A town celebrates crabs -- and itself

CRISFIELD — CRISFIELD - It's Labor Day weekend and despite what could turn out to be one of the worst crab harvests on record, nobody around here would even think of giving up the National Hard Crab Derby and Fair.

In a way, the 56th annual celebration of all things crustacean - races with crabs representing almost every state, crab picking, crab cooking and the Miss Crustacean pageant - is proof positive that what goes around comes around.


The three-day event was dreamed up in 1947 by a local newspaper editor and other post-war boosters as a way to showcase this waterfront town back when it was the seafood capital of Maryland.

Now, the end-of-summer festival in the state's southernmost town is providing the perfect segue for developers, business leaders and Chamber of Commerce types who are marketing Crisfield as the next big thing for investors, second-home buyers and baby boom retirees.


But natives, especially those who have moved away over the years, know the crab derby says as much about their town as the glossy real estate brochures that seem to have sprouted all over town ever will.

As the old saying goes: Every Crisfielder has to come back at least twice in life, once to be buried and once for the crab derby.

"It really is a homecoming time for everybody who grew up here," says Julie Horner, a native who came back to the town of 2,880 for a job running the Somerset County tourism office. "It's a celebration of everything crabby, of the seafood industry, and it makes Crisfield a destination that's worth trying."

For Greg and Krista Tull, their 6-year-old daughter, Kayla, and two sets of her grandparents, staking out a spot on Main Street to watch the parade that launched things yesterday was their way of carrying on a tradition, even though none of them has strayed far from their hometown.

The couple, both 37 and members of the Crisfield High School Class of 1984, attended Salisbury University together, then settled about 20 miles from Crisfield near Salisbury.

"The parade has been a big deal, especially since Kayla was born, but I don't think either of us has missed ... the Sunday night fireworks since we were children," said Krista Tull.

This year's parade was dedicated to members of the 1229th Transportation Co. of the Maryland National Guard, who have been serving in Iraq since April. The parade grand marshal was retired Gen. Maurice D. "Dana" Tawes, a hometown D-Day hero who served 38 years in the National Guard.

In typical everybody-knows-everybody Crisfield style, two participants have special connections to the unit.


Carolyn Evans, the wife of Sgt. Robert "Muggsy" Evans, rode in a convertible along with the mayor and her fellow members of the town council. Five-year-old David Wigglesworth, who was named Little Mr. Crustacean in a contest Thursday night and who is the son of Sgt. Michael Wigglesworth, also got a ride down Main Street.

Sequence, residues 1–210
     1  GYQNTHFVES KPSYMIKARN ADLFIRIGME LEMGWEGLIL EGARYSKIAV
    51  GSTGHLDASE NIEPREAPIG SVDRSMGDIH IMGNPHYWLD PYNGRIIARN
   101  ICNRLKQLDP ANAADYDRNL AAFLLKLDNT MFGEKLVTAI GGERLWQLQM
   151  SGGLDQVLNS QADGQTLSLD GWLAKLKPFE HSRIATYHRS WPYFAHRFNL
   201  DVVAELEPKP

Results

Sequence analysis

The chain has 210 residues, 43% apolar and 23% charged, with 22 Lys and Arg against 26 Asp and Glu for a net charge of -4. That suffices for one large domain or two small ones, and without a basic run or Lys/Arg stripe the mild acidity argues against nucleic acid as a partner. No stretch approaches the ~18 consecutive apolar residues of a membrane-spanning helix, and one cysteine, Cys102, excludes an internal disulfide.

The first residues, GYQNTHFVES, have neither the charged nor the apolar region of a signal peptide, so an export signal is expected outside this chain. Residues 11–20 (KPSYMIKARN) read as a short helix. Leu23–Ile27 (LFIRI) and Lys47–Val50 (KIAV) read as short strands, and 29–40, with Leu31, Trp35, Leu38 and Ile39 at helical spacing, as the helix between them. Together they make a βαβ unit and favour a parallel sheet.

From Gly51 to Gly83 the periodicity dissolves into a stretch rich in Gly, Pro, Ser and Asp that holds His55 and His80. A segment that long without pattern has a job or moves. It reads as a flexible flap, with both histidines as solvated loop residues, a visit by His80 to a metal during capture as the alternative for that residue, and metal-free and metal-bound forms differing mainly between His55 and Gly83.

More and more visitors have been turning up lately as word spreads of a proposed cross-bay ferry service that could link the hard-luck waterfront town where jobs and prospects have declined, with diminished harvests of crabs and other seafood, with Reedsville, Va.

The plan, still under study by business and political leaders known as the Fast Ferry Coalition, has sparked a real estate boom that shows little sign of stopping.

"The ferry definitely got the ball rolling, but it's gotten beyond that now," says real estate agent Rick Evans. "Just about every day, somebody shows up at my office to look for property. The crab derby is a great excuse for people who want to come here and look around."

Barry and Suzanne Starliper couldn't agree more. The Chambersburg, Pa., couple are looking for a second home on Smith Island and in Crisfield. Yesterday, they got into the spirit of things, buying three entries in the open derby, naming the crabs for their daughter and granddaughters.

Their entries lost out to a crab known as Swifty2. The Governor's Cup race, which in years past drew crabs that were shipped from around the country, was won by a local blue crab that raced for Georgia.


The derby part of the derby was a wacky hourlong scramble of skittering bay crabs across a slightly inclined wooden track. Money raised by the entry fees for 350 crabs goes to the local American Legion Post.

Winning crabs are usually rewarded by a return to the waters of Tangier Sound. Losers often wind up as free food for anyone with an appetite who stops by the post.

The highlight of the sweltering derby day might have been volunteer firefighter Eric "Flea" Emely's decision to use a fire hose to cool off the crowd of about 2,000 that filled the metal bleachers of the Crab Bowl.